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Chic’s “Good Times” Reverberates Across the Village, and the World

The song “Good Times” by disco-funk band Chic is more than just a catchy tune that encapsulates the carefree party spirit of the late 1970s. Ranked number 68 on the list of all time great songs of the rock era by Rolling Stone magazine, it not only epitomized the disco era, but quite quickly helped transform the nascent musical form known as hip hop from a phenomenon little known outside of a small number of urban communities in New York City, where it was almost exclusively a live-performance event, into a recorded, transmissible, worldwide trend. The man most responsible for the song was born and raised in Greenwich Village and the East Village — neighborhoods whose bohemian mixes he credits with helping to shape his own unique musical sensibilities. And neighborhoods which, perhaps not coincidentally, played a large role in helping to shape and spread hip hop, which traces its birth to a party in a recreation room in a housing development in the Bronx on August 11, 1973.

Chic released “Good Times” on June 4, 1979, and it quickly shot to Number 1 on the U.S. Billboard charts. It reached that mark on August 18, 1979, becoming the band’s second U.S. Billboard Number 1. The song was written and produced by the guitar and bass team of Nile Rodgers and Bernard Edwards, who formed the core and creative heart of the New York City-based Chic. As we’ve previously written, Rodgers, who went on to write and produce hits for a phenomenal array of musicians, from David Bowie to Daft Punk and Madonna, grew up in Greenwich Village and Alphabet City, and was exposed to a multi-racial, multi-ethnic, multi-cultural stew of musical and artistic influences, which helped shape his own eclectic and expansive style over the years.

Nile Rodgers

As popular as “Good Times” was and as much as it exemplified its era, it would be Chic’s last number one song, and the band would break up not long after its success (though they would reunite in later years, and Rodgers, Edwards, and other members of the band would have successful musical careers in the decades that followed — on their own and in various combinations with one another). 1979 was by most accounts the end of the disco era, and “Good Times” was edged out of the Number 1 spot on the charts by another, very different kind of earworm: “My Sharona” by The Knack. That punk-inflected powerpop tune was emblematic of one of the two emerging musical cross-currents that would soon overshadow and subsume disco, and bands like Chic. But interestingly, the other style that would help end disco’s reign was one that Chic, and “Good Times” in particular, was in many ways partly responsible for the emergence of.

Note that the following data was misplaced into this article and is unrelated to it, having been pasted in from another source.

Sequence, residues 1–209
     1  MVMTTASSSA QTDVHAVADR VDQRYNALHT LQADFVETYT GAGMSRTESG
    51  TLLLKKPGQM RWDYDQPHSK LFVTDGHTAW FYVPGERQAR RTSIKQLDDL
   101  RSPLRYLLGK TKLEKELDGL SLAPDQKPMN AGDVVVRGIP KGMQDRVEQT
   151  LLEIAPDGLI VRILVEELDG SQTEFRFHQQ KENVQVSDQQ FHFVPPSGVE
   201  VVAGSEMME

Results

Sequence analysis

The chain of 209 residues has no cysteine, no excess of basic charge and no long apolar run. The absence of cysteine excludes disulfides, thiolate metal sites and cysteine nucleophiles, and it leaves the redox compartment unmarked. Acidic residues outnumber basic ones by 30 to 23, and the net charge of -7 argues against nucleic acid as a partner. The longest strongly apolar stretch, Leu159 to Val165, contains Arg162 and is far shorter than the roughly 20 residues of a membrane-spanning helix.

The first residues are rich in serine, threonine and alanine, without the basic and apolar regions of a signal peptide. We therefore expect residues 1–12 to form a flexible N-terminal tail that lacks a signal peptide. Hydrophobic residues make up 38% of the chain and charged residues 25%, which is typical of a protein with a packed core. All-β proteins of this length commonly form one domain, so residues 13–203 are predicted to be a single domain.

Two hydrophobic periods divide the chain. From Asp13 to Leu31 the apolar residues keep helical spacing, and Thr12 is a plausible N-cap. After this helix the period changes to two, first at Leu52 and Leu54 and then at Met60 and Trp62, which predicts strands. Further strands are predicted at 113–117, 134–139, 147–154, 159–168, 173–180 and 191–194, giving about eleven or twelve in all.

“Good Times”’ infectious groove made an impression across the globe. But perhaps nowhere more so than with some young rappers from New Jersey. Just weeks after the hit was released, on August 12, 1979, “Big Bank Hank” Jackson, “Wonder Mike” Wright, and “Master Gee” O’Brien, who collectively went by the monicker “the Sugar Hill Gang” (after the legendary Harlem neighborhood, though they were from Englewood, New Jersey, across the Hudson) were in a recording studio interpolating the unmistakable bass line and guitar riffs from the song, turning them into a loop of sorts (an analog version of what sampling would soon do, mimicking what DJs and teenagers with boomboxes and tape decks were doing at “hip hops” in playgrounds and bowling alleys and schools across the Bronx), and rapping over it, creating what they would call “Rapper’s Delight.” The song, one of the first recorded rap songs to get any kind of widespread airplay in the United States, was released just six weeks later, on September 16, 1979. Though it reached only a modest number 36 on the U.S. Billboard charts, on January 5, 1980, it became the very first hip hop Top 40 hit in the U.S. It was also phenomenally popular on American urban/black/dance music charts, and would top the mainstream charts in Canada, the Netherlands, and Spain, and come close to the top in the United Kingdom and West Germany, thus beginning hip hop’s international conquest. As illustration of the genre’s quick ascent and disco’s decline, “Rapper’s Delight” actually outperformed “Good Times” on the charts in Canada and several European countries, even as both were simultaneously in circulation and getting airplay.

Initially uncredited as a co-writer of the song, Rodgers threatened legal action, and he and the Sugarhill Gang quickly settled. Rodgers and Edwards’ names were added to the copyright for the groundbreaking song, and Rodgers embraces his role in helping to lay the foundation for the global explosion of rap and hip hop, and of the Sugar Hill Gang and other pioneers in creating something altogether new and exciting out of his work. “Rapper’s Delight” would eventually join “Good Times” on the Rolling Stone list of the 500 greatest songs of all time.

The original version before Rodgers and Edwards received credit.

To learn more about Nile Rodgers, see here. To learn more about Hip Hop history in Greenwich Village, NoHo, and the East Village’s, explore our Hip Hop StoryMap.

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